The importance of Sony Pictures Television within Sony Pictures Entertainment has been on the rise. Last fall, Michael Lynton, CEO of Sony Corp. of America, announced a significant company shift “in emphasis from motion pictures to higher-margin television.” The company’s TV division was untouched by the recent company-wide cuts. And now its leadership has been secured for the next few years. After Steve Mosko signed a new long-term contract as president of Sony Pictures Television a year and a half ago, his top lieutenants, presidents of U.S. programming and production Jamie Erlicht and Zack Van Amburg, too have re-upped with the company. I hear their new contracts are for three years, taking the duo to a decade at the helm of Sony TV’s primetime operations. Van Amburg and Erlicht were young, home-grown executives at an SVP level when Mosko picked them to succeed Russ Krasnoff in the top TV programming position in 2005. “What Zack and Jamie have accomplished is nothing short of amazing,” said Mosko. “I’ve always believed in them and they’ve become the best in the business.”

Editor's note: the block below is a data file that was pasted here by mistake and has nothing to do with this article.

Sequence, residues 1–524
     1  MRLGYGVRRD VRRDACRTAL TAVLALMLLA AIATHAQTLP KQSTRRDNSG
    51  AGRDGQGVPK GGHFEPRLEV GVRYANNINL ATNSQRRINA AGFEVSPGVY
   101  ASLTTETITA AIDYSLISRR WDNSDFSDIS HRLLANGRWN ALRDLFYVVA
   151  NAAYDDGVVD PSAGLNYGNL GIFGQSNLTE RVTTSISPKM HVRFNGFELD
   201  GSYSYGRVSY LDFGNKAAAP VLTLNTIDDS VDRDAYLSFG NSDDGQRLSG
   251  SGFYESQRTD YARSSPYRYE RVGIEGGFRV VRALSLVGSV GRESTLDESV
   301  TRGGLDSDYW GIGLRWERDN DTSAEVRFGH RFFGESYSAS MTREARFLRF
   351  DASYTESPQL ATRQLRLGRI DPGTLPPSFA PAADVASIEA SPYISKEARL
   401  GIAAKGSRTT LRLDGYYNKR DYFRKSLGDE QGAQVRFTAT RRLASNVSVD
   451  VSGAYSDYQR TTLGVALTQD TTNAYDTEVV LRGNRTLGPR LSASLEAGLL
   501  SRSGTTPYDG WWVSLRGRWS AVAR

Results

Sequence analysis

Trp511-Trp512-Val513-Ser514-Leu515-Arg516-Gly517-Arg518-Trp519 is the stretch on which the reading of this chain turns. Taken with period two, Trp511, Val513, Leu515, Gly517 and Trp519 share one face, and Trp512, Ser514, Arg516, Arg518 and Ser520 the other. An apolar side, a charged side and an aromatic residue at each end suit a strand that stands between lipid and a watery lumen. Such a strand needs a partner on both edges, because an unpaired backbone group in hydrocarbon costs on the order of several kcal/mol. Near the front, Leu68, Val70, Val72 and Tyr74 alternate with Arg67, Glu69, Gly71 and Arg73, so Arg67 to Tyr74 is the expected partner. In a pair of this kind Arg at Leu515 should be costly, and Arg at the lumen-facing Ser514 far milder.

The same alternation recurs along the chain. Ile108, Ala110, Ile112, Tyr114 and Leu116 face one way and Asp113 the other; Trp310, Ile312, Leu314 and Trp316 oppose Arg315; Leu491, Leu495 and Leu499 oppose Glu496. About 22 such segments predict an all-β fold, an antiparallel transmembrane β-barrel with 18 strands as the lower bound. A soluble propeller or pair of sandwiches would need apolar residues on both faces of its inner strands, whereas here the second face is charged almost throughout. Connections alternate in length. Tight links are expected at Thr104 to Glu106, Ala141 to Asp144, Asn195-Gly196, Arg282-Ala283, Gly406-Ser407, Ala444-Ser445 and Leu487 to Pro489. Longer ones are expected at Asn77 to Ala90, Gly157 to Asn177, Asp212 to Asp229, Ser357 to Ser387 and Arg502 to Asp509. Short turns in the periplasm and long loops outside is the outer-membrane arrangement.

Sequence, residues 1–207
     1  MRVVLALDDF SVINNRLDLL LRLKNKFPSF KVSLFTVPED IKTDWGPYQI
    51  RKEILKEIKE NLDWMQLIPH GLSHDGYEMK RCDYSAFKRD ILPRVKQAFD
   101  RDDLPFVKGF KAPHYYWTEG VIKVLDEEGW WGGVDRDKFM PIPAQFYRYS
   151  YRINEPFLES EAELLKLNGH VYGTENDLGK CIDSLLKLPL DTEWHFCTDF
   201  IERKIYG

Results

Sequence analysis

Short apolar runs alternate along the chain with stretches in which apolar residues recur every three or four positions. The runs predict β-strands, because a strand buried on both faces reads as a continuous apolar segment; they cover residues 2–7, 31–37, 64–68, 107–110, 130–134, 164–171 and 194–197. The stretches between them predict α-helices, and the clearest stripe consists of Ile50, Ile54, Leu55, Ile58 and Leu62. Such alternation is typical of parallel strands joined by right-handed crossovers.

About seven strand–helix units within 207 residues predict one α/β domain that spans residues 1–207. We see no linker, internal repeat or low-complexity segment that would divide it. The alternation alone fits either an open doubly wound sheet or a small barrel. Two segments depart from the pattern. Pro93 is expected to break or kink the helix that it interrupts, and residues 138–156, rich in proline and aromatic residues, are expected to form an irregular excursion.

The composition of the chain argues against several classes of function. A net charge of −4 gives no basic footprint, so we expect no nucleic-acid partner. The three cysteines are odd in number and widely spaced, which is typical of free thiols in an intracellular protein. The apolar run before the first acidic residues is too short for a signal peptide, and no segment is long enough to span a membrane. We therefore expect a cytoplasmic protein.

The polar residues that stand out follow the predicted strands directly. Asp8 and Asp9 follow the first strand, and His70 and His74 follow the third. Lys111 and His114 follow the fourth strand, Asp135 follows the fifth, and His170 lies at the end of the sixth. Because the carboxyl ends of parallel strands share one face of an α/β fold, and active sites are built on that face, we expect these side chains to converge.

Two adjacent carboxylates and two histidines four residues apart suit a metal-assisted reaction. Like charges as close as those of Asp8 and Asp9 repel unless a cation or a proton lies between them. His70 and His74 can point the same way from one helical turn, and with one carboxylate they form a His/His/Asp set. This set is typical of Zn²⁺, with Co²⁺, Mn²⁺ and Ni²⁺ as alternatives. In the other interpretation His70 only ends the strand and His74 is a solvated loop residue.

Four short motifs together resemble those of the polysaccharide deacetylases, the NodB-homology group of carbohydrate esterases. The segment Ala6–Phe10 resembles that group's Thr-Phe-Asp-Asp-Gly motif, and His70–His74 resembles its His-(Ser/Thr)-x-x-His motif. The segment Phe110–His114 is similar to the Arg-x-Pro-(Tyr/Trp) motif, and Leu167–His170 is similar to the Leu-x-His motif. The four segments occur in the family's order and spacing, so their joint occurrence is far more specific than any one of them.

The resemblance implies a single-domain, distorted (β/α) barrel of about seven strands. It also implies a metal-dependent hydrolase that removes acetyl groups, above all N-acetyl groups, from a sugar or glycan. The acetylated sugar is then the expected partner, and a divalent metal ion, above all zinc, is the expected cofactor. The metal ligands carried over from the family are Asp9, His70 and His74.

SPT currently has 30 series on 15 networks, including NBC breakout The Blacklist and hot Showtime newcomer Masters of Sex, both renewed for a second season; reigning Best Drama Emmy winner and cable ratings smash/pop culture phenomenon, AMC’s recently departed Breaking Bad; ABC’s reality mainstay Shark Tank and promising new comedy The Goldbergs. Not all of its efforts have worked — its NBC comedy Welcome To The Family was cancelled and NBC’s The Michael J. Fox Show and Fox’s Rake have struggled, but SPT’s series portfolio has been growing steadily, doubling its size from 14 shows 10 years ago. Over the past year, the studio has made an aggressive move in the lucrative direct-to-series business. Following the 22-episode order for Michael J. Fox, Sony landed series orders for Outlander at Starz, Helix at Syfy, already renewed for a second season, KZK project at Netflix, Battle Creek at CBS and Breaking Bad spinoff Better Call Saul at AMC. Additionally, SPT, an early cable adopter with Rescue Me, Damages, Justified and Breaking Bad, has embraced new platforms, creating templates for producing series at Netflix, Amazon and its sibling PlayStation where it has drama series Powers.
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